This time last year I was in Singapore too, and I experienced the Lion City as a lone traveller. Travelling alone has never phased me, as I consider myself a social person, not too reckless but still adventurous. Although, I did vow that if I was to return, it would be great to share it with someone else. So I did, but I will cover our dance camp adventures on another post.

When people talk about 'discovering yourself' or 'getting away from it all', most will think of a scenic beach on a tropical island, bathing in sunshine. Add in minimal clothing, late nights and midday sleep-ins, and if you're lucky, you won't bring home mosquito bites for a souvenir.

A band-aid of invisibility

As I waited for the red light to turn green at the pedestrian crossing, I'm surrounded by a milkshake of ethnicities, so blended it's hard to tell who are the locals, foreign workers and visitors. In the vast sea of people, I realised the pavement was my beach. In this modern Asian metropolis I felt calm in my invisibility, energised by its hustle, and surprised that the unknown excited me because it was filled with potential, instead of fear. They didn't know my story, and I didn't know theirs. This band-aid of invisibility was further helped by the fact, that although I had places to be, all my destinations were temporary. My real life, at this crossing, was at a stand-still.

I felt calm in my invisibility, energised by its hustle, and surprised that the unknown excited me...

Getaways are pattern interrupts, a great term explained to me by a business mentor. He said that people often become trapped in comfort and routine, and a pattern interrupt is a bit like a slap in the face of that routine, and gives you a chance to look at the bigger picture and gather your resources. Singapore speaks to me because they too chose to make the seemingly improbable a reality in just a few generations. It challenges my perception of what it is I am missing out because I have chosen to stay in fear.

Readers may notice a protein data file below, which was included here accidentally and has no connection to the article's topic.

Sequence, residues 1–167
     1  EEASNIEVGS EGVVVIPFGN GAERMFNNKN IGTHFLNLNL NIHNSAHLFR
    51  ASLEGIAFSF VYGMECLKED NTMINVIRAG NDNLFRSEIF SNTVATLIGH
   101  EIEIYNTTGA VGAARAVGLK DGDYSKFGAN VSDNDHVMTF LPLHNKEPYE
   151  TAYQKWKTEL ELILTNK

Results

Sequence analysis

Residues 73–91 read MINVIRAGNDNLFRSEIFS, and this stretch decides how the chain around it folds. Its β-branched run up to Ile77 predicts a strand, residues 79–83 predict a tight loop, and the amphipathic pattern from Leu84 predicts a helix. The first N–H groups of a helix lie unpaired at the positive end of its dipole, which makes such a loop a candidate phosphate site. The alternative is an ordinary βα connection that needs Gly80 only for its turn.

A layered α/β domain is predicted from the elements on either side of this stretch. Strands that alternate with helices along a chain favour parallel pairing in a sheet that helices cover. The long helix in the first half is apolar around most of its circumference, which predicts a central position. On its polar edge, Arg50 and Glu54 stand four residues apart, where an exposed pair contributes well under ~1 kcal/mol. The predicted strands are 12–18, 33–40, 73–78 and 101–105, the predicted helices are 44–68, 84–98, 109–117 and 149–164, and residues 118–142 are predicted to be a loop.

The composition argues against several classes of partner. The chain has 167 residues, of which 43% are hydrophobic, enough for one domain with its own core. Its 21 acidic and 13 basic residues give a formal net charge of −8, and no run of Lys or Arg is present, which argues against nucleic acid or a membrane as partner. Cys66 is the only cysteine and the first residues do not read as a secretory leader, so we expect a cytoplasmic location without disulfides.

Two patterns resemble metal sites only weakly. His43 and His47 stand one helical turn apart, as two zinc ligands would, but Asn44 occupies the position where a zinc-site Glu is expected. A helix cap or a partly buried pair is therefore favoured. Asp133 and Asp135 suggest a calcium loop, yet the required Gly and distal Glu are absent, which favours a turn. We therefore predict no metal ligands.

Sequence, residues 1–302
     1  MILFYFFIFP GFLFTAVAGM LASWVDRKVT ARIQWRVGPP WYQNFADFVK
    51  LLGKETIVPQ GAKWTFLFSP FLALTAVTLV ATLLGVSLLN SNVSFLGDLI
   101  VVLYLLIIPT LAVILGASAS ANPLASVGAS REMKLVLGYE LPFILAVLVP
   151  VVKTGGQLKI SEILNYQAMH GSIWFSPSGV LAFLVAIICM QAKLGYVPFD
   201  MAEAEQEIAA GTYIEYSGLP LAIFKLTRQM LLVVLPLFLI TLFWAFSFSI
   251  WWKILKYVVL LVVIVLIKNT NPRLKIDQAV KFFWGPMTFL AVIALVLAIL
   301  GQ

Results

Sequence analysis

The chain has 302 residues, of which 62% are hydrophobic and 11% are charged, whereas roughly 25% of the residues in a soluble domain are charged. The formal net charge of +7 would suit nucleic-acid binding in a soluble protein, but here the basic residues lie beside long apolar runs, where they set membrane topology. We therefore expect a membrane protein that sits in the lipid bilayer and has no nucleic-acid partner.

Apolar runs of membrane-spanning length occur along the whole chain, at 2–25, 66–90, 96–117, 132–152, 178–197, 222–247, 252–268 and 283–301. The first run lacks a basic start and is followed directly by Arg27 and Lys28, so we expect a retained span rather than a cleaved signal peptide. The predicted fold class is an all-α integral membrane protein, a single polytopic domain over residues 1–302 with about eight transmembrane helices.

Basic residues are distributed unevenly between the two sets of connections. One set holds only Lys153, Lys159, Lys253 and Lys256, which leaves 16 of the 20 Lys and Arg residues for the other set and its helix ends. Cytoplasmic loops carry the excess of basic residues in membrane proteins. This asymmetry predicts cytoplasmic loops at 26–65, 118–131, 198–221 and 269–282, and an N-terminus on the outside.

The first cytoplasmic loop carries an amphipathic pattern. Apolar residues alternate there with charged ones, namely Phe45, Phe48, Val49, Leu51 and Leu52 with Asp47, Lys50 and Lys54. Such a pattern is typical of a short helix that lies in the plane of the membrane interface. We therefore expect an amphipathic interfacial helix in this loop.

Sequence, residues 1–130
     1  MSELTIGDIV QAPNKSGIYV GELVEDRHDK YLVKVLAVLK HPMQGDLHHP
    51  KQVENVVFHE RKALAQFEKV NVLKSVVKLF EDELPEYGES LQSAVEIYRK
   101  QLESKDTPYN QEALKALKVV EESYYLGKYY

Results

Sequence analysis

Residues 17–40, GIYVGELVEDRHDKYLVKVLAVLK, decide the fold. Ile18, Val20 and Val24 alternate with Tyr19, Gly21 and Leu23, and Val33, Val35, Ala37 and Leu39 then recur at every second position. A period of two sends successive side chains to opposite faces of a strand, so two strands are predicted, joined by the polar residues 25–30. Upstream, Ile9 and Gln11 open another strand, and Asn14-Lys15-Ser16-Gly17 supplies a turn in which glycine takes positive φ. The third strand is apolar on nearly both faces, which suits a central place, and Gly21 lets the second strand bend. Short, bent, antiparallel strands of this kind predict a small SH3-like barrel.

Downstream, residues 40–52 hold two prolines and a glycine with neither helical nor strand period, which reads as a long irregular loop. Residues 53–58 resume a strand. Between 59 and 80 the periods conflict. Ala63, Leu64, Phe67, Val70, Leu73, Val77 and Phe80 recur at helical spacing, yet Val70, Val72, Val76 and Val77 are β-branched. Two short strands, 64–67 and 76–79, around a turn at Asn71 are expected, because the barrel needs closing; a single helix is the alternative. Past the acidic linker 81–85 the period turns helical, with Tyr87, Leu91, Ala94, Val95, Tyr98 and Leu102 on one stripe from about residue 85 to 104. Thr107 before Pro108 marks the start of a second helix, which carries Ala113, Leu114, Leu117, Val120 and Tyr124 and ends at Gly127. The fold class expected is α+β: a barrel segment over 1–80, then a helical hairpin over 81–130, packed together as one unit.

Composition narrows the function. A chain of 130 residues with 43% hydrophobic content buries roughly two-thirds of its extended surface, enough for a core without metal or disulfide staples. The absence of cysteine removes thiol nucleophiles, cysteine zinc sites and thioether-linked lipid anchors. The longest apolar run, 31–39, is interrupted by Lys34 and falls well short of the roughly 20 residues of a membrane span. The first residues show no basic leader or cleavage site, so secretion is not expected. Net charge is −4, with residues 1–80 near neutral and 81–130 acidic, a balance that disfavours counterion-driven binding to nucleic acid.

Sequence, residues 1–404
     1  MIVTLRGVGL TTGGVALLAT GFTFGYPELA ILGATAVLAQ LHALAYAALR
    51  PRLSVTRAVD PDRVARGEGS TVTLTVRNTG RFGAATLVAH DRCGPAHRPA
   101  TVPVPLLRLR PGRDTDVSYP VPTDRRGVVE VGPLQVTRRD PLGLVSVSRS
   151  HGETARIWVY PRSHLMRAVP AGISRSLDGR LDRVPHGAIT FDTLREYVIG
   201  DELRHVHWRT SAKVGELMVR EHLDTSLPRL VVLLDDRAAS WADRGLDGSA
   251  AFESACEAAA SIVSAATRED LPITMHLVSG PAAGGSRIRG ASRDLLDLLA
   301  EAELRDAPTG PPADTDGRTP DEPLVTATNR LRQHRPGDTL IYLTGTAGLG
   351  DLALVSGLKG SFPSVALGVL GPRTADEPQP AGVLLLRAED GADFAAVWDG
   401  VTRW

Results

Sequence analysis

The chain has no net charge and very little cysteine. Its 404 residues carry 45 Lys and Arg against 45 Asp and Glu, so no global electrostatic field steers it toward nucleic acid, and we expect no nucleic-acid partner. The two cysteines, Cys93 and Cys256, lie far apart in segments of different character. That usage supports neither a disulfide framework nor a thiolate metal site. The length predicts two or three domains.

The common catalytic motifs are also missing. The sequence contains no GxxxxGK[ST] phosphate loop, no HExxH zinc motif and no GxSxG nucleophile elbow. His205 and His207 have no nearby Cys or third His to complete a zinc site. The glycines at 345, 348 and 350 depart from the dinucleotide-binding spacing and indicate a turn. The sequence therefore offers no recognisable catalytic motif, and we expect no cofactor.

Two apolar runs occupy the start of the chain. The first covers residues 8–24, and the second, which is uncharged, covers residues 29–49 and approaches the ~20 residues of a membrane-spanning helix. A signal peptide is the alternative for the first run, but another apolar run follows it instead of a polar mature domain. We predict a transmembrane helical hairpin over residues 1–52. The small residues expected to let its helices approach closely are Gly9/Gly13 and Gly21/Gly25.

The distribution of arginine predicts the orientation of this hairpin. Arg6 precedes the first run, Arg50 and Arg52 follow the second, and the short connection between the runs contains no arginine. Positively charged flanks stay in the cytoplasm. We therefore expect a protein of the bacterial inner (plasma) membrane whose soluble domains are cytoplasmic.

Potential is ageless

I have always taken for granted that I don't look my age, and I probably won't appreciate it until I am well into my sixties. Because people didn't know my true age, I felt I had wound back time, and that I didn't feel the same pressure to make life altering choices as I do in my day-to-day living. Potential is ageless. Here I was taken back to my twenties, the age most people thought I was, and it felt like a chance to do it better. Years I spent being self-conscious about my body, my career, and whatever else I was disappointed at. 

Here I was back in my twenties...(sic) Years I spent being self-conscious about my body, my career, and whatever else I was disappointed at.

It takes me about a fortnight to recover from the Singapore hangover. To get back into routine and restart my life in Whakatane. I would watch videos from the camp, and wish I would be transported back. Insomnia creeps in like a ninja. Living with me at this time isn't easy, but eventually it wears off, and I see what the experience for what it is. A place to be excited about my own potential again.

You don't need to be fearless, just be brave enough

Sometimes we get caught up in the pursuit of perfection. Waiting for the perfect time, having enough money or feeling like we are 'good enough' to begin. That's just it, how do we measure these things, when we are only accountable to ourselves in finding that 'perfect' moment. You don't need to be fearless, just be brave enough to make a start. Learn as you go, ask questions, make mistakes. Live, love and travel. And eat good food.

So go forth, and conquer...start with yourself.